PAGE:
Electroconvulsive therapy (ECT) is a procedure in which electric currents are passed through the brain, deliberately triggering a brief seizure. This seems to cause changes in brain chemistry that can alleviate symptoms of certain mental illnesses. Yet 70 years after it was first introduced, electoconvulsive therapy remains controversial.
Much of the stigma attached to electroconvulsive therapy is based on early, brutal treatments in which high doses of electricity were administered without anesthesia, leading to memory loss and death.
Electroconvulsive therapy is quite different today. Although electroconvulsive therapy can still cause side effects and complications, it now uses precisely calculated electrical currents administered in a controlled setting to achieve the most benefit with the fewest possible risks.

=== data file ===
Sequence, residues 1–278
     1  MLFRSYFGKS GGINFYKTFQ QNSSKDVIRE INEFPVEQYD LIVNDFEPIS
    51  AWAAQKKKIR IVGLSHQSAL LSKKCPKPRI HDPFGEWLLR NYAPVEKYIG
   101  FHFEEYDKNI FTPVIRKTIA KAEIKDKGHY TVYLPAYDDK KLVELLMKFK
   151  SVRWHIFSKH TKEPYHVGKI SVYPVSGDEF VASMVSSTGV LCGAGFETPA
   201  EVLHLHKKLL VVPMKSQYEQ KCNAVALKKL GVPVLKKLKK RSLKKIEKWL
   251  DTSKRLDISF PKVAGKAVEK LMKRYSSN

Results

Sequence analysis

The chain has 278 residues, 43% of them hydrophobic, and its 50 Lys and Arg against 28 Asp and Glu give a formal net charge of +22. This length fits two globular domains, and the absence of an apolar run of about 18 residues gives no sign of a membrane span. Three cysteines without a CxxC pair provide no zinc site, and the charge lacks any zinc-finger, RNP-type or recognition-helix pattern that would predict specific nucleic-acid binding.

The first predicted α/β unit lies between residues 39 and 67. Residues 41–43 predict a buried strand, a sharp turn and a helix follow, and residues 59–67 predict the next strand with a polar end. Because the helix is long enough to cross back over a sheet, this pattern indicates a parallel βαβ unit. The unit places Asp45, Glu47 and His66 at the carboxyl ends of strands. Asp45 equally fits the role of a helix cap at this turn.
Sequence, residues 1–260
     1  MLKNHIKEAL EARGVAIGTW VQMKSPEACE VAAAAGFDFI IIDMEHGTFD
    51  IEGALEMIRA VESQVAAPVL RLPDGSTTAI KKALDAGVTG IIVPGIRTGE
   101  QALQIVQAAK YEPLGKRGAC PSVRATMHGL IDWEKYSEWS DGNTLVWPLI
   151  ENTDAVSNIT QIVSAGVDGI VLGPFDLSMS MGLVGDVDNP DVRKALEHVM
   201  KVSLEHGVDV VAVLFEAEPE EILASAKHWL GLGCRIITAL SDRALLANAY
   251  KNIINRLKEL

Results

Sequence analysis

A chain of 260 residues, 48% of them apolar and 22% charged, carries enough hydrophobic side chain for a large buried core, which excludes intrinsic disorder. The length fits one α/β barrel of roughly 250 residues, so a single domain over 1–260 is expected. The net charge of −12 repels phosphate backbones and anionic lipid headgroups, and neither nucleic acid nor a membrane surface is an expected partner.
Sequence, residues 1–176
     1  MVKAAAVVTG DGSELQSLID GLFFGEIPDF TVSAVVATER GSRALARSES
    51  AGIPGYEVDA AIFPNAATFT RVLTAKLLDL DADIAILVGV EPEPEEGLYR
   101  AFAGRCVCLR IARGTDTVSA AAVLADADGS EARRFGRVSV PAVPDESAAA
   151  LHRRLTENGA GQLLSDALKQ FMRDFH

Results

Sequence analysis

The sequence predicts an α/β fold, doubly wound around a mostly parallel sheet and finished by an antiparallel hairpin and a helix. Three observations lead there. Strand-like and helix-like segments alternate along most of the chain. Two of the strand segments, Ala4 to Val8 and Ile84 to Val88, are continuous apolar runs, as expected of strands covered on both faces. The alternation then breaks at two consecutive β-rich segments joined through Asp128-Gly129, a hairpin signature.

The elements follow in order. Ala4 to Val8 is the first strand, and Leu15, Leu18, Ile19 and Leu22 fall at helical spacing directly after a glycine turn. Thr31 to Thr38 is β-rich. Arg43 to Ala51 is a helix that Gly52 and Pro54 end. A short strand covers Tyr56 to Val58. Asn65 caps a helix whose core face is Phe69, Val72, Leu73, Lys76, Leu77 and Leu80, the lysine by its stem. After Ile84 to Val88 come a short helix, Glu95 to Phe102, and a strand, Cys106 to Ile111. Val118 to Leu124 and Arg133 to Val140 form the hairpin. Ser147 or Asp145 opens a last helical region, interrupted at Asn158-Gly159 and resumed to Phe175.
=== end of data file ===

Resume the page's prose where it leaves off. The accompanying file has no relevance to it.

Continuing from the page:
Because it can provide significant improvements in symptoms more quickly than psychotherapy or medications, electroconvulsive therapy may be the best treatment option for some people. ECT may help prevent suicide in people who are severely depressed, for instance. It may be tried when medications aren’t tolerated or other forms of therapy haven’t proved effective. And it may be used to end an episode of severe mania.
ECT is most commonly recommended for people with: Continue reading Electroconvulsive therapy – ECT